Also in the mix is ‘Invasion Mode’, a drop-in function that allows you to suddenly appear in a player’s game and pop off a few shots. That’s not going to get irritating, oh no.
We’ve had more Pac-Man reissues on the Xbox than we can count, but this one is the grandaddy of them all. We’re talking fourteen (14) games from Pac-Man’s history, specifically chosen for either their quality or utter weirdness, packaged together in an ‘optimised for Series X|S’ wrapper and accessible from an ingame arcade.
There are a few that we’ve never heard of, let alone played, and it shows just what happens when you let your main character go wandering into other genres without quality control. Take these as examples: Pac-Motos is a puzzle-battle game set on a tabletop, with Pac-Man looking to bonk opponents onto the floor, while Pac ‘n’ Roll seems to be a Super Monkey Ball clone, but with bananas swapped out for pills. It’s great to see a studio embrace the weird cousins of their IP and we’re well up for trying them out.
Eiyuden Chronicle: Rising
You know a JRPG means business when it steals the Final Fantasy font for its logo. That’s when you know it has ambition!
Think of Eiyuden Chronicle as the first in a two-part story. This JRPG introduces you to a cast of characters that returns in Eiyuden Chronicle: Hundred Heroes, and your progress carries over to that second game that will be coming in 2023.
Why are we wheeling this adventure out in front of you for an Up Next? One word: Suikoden. This is the brain-child of Yoshitaka Murayama, creator of that classic series, and if it even captures a single gram of the joy that came from that series, we are in for something special. But where Suikoden focused on collecting hundreds of heroes to form your party, Eiyuden Chronicle: Rising is focused instead on rebuilding your home town.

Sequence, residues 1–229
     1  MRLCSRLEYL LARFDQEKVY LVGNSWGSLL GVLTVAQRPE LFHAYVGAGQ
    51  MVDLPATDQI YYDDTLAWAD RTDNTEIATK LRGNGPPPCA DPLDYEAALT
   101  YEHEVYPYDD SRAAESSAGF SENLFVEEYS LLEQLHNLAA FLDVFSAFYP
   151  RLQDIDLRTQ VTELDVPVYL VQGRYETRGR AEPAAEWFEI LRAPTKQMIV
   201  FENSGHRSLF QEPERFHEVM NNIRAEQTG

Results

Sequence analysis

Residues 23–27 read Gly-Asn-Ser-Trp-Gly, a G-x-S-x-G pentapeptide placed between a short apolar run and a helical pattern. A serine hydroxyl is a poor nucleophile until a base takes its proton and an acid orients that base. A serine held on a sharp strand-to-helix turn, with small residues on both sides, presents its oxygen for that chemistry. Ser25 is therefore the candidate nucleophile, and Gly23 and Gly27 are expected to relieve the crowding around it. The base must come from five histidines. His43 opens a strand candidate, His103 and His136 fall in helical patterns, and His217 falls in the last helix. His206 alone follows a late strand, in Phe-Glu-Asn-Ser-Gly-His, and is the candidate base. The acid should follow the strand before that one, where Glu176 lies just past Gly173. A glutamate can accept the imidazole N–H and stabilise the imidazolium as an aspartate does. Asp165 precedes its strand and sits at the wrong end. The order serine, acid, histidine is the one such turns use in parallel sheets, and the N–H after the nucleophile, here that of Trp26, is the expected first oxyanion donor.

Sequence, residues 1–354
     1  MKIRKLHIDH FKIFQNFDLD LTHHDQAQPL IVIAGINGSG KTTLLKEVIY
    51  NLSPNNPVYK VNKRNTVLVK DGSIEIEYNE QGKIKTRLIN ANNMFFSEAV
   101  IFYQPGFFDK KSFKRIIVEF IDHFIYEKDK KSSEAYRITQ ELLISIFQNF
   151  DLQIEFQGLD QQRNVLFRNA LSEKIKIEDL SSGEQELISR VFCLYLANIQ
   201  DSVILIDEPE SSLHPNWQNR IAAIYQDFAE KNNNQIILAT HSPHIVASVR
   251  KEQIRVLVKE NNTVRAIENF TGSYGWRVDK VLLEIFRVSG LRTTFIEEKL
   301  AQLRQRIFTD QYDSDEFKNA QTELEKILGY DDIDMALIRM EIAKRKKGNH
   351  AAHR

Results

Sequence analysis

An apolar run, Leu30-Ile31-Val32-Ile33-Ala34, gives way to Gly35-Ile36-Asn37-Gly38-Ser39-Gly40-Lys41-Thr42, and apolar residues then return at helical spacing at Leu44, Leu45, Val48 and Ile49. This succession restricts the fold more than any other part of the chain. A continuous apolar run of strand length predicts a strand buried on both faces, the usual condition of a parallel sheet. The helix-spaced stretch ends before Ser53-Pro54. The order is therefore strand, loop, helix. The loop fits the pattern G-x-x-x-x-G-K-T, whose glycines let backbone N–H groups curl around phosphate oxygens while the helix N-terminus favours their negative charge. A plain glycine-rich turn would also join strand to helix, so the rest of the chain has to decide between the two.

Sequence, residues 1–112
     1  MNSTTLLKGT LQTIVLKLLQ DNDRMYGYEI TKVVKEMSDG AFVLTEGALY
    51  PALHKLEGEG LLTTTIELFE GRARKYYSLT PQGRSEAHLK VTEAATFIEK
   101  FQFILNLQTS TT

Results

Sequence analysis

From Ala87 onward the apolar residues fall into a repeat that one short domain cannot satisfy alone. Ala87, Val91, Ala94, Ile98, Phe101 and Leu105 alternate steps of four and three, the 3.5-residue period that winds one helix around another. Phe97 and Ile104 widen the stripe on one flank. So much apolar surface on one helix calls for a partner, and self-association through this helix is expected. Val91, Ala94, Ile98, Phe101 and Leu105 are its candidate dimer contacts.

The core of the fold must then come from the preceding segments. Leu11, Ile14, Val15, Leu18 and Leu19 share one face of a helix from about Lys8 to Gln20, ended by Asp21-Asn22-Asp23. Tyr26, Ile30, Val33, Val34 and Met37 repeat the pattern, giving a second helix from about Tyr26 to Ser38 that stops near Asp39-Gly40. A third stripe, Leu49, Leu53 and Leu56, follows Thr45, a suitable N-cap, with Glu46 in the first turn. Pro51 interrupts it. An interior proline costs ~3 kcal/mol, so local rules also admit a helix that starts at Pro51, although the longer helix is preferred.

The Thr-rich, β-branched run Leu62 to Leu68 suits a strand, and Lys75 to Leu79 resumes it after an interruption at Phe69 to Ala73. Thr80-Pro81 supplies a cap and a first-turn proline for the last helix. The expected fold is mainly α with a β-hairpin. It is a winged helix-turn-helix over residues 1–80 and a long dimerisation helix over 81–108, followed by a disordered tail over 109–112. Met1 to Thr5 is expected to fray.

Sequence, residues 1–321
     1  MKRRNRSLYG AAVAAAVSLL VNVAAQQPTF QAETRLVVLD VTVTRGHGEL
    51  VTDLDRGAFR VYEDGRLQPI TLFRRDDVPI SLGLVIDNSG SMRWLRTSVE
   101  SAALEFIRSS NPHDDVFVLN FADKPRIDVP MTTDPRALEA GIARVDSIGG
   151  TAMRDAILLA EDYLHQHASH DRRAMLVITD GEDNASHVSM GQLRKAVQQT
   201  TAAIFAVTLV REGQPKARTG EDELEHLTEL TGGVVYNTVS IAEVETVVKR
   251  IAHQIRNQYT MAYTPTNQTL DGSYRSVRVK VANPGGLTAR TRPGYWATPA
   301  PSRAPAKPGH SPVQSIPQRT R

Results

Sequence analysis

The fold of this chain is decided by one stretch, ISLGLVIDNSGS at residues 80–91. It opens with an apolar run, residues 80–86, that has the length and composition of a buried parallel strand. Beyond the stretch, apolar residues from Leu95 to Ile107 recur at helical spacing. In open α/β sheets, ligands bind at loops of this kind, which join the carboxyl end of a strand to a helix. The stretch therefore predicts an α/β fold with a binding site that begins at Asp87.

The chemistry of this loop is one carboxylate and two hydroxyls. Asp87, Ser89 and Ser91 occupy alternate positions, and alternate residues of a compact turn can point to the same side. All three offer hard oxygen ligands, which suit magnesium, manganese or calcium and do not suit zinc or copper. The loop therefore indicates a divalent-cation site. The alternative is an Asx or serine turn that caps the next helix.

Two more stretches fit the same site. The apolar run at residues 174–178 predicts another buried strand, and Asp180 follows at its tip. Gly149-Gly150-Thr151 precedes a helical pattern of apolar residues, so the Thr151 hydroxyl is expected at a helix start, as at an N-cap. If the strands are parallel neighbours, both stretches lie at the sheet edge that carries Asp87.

We’re down with that: Dark Cloud and Dark Chronicle showed exactly how satisfying ‘buildings as loot’ can be.
Wildcat Gun Machine
There’s a lot of narrative and chatting in May’s Up Next, so let’s turn 180 and go in a completely different direction. Wildcat Gun Machine is about the most overblown and ludicrous shooter that you’ll find on the market. It’s found the dial on the side of Enter the Gungeon, and whacked it right up to eleven.
Aside from the cat-theming, the reason to pay attention to Wildcat Gun Machine is that it knows that bigger means better. Bosses fill the screen, making the bullet-hell even more hellish. But you can give them a taste of your own medicine, jumping into a mech that is at least as big as they are. We’re not sure how anyone is going to be able to move.
Trek to Yomi
From Leonard Menchiari, the mind behind RIOT and The Eternal Castle, comes a collaboration with Flying Wild Hog and Devolver. It’s a black-and-white samurai opus, told as a 2D action-adventure game. Think Ghost of Tsushima retold as a Streets of Rage-style action game, and you’re not even halfway there.
We like this one because it’s drenched in atmosphere and period detail, with a campaign that likes to drop the pacing and let you do some chatting with the locals, before returning to spill some claret. As you would hope with a samurai-focused game, a single hit can mean death, so you’re going to have to take your time with this one.
Best Month Ever!
And now for the curveball. It wouldn’t be an Up Next without a game that is more about the ideas than it is the marketing budget.
Best Month Ever! imagines what it would be like to have one month left to live, giving you the control and choice over how that month is used. The only complication is that you have a child with you; although, whether they’re your child or not is unclear from the trailer.
So, you’re torn between responsibility for that child and giving in to your vices. Do you bring them on a drunken bender? Do they tag along on your crime spree? The choice, it seems, is yours. This is a narrative game with branching choices (May seems to have a few of those), and the long-term damage you do to the poor child really is down to you.
And so we come to the end of this smorgasbord of gaming. Hopefully May’s buffet offered you something that you fancy nibbling on.
In terms of June, information is a little thin on the ground – blame the replacement E3 livestreams for hoarding all of the announcements – but we DO know that you can expect Sonic Origins, the return of the Shadowrun series of games with a number of remasters, and Supermassive’s The Quarry. We expect plenty more to be added to the pile.